African capital markets are increasingly adopting disruption to make investing more transparent and accessible to a younger, tech-savvy generation, and see an increase in trading volumes.
Oscar Onyema was appointed the new CEO of the Nigerian Stock Exchange (NSE) in 2011, having previously been senior vice president of the American Stock Exchange. The exchange needed to change to increase transparency and make investing easier, and for this, Onyema turned to technology.
The NSE’s X-GEN trading platform was launched in 2013, offering better access to real-time data, thereby improving governance and transparency. Onyema described it as the fastest-trading platform in Africa.
Its impact was immediate. The average daily value of trade increased by around a third, to over $14 million in 2017. Other capital markets across the continent are following suit and adopting tech to make investing more transparent and accessible. The Nairobi Securities Exchange, for example, rolled out its Automated Trading System in 2014.
“Technology has enabled stock exchanges to enhance their surveillance capabilities contributing to transparency in the market,”
The Nairobi exchange followed this up with the launch of its own mobile app, which its head of brand and corporate affairs Waithera Mwai-Ireri says would “democratize” access to capital market-related information in Kenya. The app provides quick and easy information for potential investors and allows investments to be made in real-time.
Mwai-Ireri said the move was designed to make investing on capital markets accessible to a younger, tech-savvy generation.
“The NSE app will enable investors to track market activity on a continuous basis enabling them to make real-time investment decisions. The app will spur interest in the capital market amongst the youth in the country, who make up over 75 percent of our total population,” she says.
The Nairobi exchange is a leader in Africa in terms of tech not only for its app, but its mobile-traded government M-Akiba bond. Mwai-Ireri said stock exchanges across the continent were seeing huge increases in trading volumes as a result of the use of technology.
“The use of technology has fast-tracked the development of Africa’s exchanges. Technology has enabled stock exchanges to enhance their surveillance capabilities contributing to transparency in the market,”
she says, adding she expected more exchanges across Africa to launch mobile-based applications in the coming years.
The younger, tech-savvy audience being targeted by exchanges such as those in Nigeria and Kenya may, however, have already found alternative ways of investing their money, away from traditional institutions such as exchanges and banks.
A platform tapping into a desire for alternative investments is South African company The Sun Exchange, which is also utilizing the increased uptake of cryptocurrencies. Using the platform, people use cryptocurrencies like bitcoin to buy solar panels, which The Sun Exchange then leases to businesses in Africa. Users earn income from these panels over a period of the next few years.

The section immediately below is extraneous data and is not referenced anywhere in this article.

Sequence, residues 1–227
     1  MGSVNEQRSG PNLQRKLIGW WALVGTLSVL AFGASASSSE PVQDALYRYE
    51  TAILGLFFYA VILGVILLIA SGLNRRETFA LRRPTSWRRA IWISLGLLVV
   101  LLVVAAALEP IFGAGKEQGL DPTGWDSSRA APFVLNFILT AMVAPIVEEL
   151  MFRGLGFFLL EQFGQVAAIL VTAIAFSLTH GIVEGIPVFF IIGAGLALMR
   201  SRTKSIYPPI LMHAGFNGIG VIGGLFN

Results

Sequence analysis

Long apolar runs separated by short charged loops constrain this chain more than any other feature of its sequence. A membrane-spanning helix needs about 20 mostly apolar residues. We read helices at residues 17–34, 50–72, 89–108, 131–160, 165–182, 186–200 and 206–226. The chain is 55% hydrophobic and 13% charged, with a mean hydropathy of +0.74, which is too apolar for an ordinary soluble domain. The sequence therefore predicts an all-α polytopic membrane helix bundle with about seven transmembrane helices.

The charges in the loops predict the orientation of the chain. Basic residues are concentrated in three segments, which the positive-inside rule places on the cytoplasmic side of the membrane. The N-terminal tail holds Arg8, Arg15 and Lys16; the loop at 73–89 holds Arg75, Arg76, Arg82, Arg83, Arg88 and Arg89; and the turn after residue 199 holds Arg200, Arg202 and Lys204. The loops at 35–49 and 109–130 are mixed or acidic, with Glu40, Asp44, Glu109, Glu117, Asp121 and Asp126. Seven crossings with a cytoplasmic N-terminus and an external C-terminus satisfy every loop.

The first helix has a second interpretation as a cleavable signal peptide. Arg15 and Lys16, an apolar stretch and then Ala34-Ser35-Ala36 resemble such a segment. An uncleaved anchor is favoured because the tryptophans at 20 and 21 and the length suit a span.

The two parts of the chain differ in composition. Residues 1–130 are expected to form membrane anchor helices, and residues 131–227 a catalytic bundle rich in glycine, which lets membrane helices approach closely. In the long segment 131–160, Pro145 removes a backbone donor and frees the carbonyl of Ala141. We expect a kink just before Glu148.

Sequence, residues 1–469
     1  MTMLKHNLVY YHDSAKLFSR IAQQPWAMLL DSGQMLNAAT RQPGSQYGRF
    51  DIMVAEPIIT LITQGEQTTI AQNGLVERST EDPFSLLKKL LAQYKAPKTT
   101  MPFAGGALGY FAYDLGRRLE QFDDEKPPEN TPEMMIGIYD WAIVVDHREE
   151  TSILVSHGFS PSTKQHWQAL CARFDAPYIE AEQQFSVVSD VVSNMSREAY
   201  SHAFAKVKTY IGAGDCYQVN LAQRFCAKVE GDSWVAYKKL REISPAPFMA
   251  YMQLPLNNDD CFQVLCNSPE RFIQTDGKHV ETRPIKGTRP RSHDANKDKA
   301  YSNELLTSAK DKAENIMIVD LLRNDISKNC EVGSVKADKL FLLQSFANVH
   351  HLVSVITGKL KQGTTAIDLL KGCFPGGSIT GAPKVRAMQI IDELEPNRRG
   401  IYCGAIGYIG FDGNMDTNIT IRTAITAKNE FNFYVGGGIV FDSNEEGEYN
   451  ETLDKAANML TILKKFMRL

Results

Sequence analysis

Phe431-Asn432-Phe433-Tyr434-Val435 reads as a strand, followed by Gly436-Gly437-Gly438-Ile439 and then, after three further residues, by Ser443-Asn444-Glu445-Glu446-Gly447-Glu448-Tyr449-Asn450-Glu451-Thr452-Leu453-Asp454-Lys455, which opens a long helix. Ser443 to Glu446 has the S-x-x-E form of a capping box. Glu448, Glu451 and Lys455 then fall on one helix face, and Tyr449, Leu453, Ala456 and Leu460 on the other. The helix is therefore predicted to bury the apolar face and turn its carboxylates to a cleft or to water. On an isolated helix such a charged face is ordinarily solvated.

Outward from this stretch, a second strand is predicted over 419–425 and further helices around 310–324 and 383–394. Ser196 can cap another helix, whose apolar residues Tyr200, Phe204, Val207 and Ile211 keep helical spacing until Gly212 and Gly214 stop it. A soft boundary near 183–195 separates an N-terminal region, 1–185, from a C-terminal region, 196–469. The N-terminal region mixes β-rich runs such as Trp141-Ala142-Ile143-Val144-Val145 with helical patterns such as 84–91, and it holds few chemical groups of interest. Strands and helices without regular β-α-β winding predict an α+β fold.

Founder and CEO Abraham Cambridge said improvements in efficient peer-to-peer payment systems and crowdsourcing has meant that entirely new investment models and platforms have become possible, solving problems that could previously not be solved. He said this trend will likely continue.
“Consumers are becoming increasingly skeptical of opaque and slow traditional banking. Modern day millennials will soon be the dominant investor group as they begin to inherit baby boomer wealth, and this group is used to instant gratification, transparency and a desire to change the way the world works,” Cambridge says.
“In addition, traditional financial institutions are becoming increasingly risk averse, which means that investments into startup businesses and innovative concepts, such as projects built around cryptocurrencies, find it extremely hard if not impossible to raise capital through these traditional means.”
He says the appeal of using cryptocurrencies for investments was that they are open and universal.
“This means that previously unbanked customers, of which there are hundreds of millions across the African continent, can now engage financially with the rest of the world. In the case of The Sun Exchange, this means we can transact with the whole world using a single currency,” he says.
Smaller, micro-investments are also possible.
“As cryptocurrency can be broken down into over eight decimal places, nano-transactions at lightning speeds can now happen. This means that an investor can choose to place very small sums into projects and earn nano-payments out, with ultimate security and transparency,” says Cambridge.
It is this kind of flexibility and transparency major capital exchanges across Africa are trying to match with their own use of tech. Time will tell if this will work or if the opportunity has passed them by.
– By Tom Jackson